“No,” he responded. “Those bombs were dropped by B-52s.” Arguing with a college professor is always a tricky business if you’re in need of a worthy grade, but I debated the issue until things got personal. During the squabble I mentioned my Air Force background and Vietnam War experiences. Right there in an English class with about 30 students this straightjacketed buffoon calls me a Baby Killer.

I came out of my seat; he came out of his; males in the class intervened by holding us back from each other and most likely saved my expulsion from college. This was the only severe incident I experienced in college, but it did leave a profound stain on my English grade. Moreover, a cold beer after class helped cool me back down to normal.

A cold beer always helped. A cold beer was a friend, an obliging hand, a liquid crutch with consequences. Drugs never tempted me, never have and never will, but a cold beer was a macho way to forget, to adapt, to help readjust. I was one of the lucky ones; the obliging hand of alcohol wasn’t strong enough to drag me down into the gutter of despondency.

Too many Vietnam veterans were not so lucky; many of them wouldn’t and couldn’t make the transition back to so-called normal life. It didn’t help matters if the six o’clock news or Jane Fonda wannabes jumped on our backs since we had several invisible monkeys already on our backs. Young kids we were, fighting and dying and laughing and crying, 10,000 miles from our homes without the support of the home front.

That’s a tough pill to swallow, legal or not, but we weren’t the first and we will not be the last. The Greatest Generation came home as victors but without an official grasp of what war actually does to an individual. Korean War veterans just came home. Korea was pinched between the unconditional surrender mentality of WWII and the peace-at-any-price-tuck-tail-and-run partisan mindset of Vietnam, but the battle-hardened veterans of the “Forgotten War” in the frozen wastelands of Korea had real and imaginary scars just as deep and damaging as did the Greatest Generation. Future conflicts: Vietnam, Granada, Panama, the Gulf War, Bosnia, and continuing wars in Iraq and Afghanistan and International Terrorism, has tested and will continue to test the best of us on distant battlefields and eventually test all of us on the sidewalks of Hometown, USA. Terror is coming, in fact it’s already here; so be the Boy Scout and Be Prepared.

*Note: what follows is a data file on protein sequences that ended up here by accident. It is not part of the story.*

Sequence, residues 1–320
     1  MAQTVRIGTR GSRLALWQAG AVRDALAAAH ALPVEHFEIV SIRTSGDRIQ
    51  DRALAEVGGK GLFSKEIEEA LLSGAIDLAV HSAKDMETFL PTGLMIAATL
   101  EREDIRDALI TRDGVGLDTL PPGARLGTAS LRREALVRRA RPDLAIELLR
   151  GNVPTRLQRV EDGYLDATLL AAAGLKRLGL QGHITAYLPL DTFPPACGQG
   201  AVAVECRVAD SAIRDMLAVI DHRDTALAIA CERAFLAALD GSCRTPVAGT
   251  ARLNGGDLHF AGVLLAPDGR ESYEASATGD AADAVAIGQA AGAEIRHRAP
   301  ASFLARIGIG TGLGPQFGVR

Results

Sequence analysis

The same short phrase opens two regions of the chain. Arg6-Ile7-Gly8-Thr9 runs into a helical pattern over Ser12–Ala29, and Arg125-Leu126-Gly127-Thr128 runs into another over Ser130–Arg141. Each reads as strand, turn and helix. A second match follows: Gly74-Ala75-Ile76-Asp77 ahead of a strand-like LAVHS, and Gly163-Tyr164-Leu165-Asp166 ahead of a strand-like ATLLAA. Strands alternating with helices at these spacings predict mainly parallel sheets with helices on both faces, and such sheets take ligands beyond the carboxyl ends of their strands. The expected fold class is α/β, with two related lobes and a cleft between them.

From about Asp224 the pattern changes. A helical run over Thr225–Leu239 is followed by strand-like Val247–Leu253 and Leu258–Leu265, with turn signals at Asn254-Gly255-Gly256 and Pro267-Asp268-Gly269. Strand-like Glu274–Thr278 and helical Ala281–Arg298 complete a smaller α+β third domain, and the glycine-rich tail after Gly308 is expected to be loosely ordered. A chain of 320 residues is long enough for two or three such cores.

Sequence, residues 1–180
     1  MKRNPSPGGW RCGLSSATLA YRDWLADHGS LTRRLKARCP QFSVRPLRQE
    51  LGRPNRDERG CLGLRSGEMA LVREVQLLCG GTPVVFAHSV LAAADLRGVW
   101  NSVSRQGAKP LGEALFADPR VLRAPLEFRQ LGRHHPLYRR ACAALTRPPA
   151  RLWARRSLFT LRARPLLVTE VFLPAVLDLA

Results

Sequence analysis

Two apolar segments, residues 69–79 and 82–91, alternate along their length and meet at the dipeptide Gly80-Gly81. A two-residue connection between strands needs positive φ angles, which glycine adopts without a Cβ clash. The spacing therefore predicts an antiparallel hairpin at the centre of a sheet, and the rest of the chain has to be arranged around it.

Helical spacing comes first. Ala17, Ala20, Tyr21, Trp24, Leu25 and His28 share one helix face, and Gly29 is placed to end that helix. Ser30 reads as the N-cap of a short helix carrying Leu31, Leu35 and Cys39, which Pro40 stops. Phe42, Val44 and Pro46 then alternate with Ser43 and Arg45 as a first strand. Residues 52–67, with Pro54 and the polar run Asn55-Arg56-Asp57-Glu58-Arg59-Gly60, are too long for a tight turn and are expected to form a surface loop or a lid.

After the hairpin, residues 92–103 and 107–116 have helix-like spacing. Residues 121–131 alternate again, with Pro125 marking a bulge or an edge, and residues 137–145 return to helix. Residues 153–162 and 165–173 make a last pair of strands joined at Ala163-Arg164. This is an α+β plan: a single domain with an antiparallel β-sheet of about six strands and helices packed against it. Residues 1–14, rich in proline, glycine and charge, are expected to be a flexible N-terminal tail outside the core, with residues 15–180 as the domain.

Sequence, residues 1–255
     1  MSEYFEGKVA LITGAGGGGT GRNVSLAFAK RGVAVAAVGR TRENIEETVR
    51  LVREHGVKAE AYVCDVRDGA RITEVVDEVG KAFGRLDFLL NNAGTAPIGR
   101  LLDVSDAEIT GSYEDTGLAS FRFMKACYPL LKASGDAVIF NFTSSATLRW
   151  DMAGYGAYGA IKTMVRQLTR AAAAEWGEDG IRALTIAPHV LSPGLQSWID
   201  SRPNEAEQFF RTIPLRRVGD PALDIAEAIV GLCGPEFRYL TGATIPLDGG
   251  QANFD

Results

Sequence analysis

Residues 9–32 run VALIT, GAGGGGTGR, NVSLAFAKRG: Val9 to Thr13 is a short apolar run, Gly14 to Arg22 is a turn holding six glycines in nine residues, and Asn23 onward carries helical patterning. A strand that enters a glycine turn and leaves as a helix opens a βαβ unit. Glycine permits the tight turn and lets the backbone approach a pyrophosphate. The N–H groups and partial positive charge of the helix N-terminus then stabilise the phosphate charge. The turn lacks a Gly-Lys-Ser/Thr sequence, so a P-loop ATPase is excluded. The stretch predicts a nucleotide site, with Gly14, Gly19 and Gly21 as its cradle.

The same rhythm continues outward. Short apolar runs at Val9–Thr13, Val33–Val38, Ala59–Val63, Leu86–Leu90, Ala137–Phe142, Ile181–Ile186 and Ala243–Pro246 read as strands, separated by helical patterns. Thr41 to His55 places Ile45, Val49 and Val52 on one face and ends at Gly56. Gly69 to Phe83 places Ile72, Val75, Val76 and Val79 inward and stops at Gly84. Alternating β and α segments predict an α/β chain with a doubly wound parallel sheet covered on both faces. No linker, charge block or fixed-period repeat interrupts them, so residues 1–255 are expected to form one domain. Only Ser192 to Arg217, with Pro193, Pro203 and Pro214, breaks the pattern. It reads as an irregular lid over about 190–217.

Yes, I do remember. I remember things my family will never know. All veterans remember; the good, the bad, the acceptance or the rejection. I am grateful the intrepid men and women in uniform today are shown the respect they so fittingly deserve. But make no mistake about it; if the political hacks require an imaginary bull's eye to incite the masses then the military may once again offer a tempting target. There is a big difference, you realize, between veterans and politicians: we took our oaths seriously.

Veteran’s Day. Remember the sacrifices. We still do.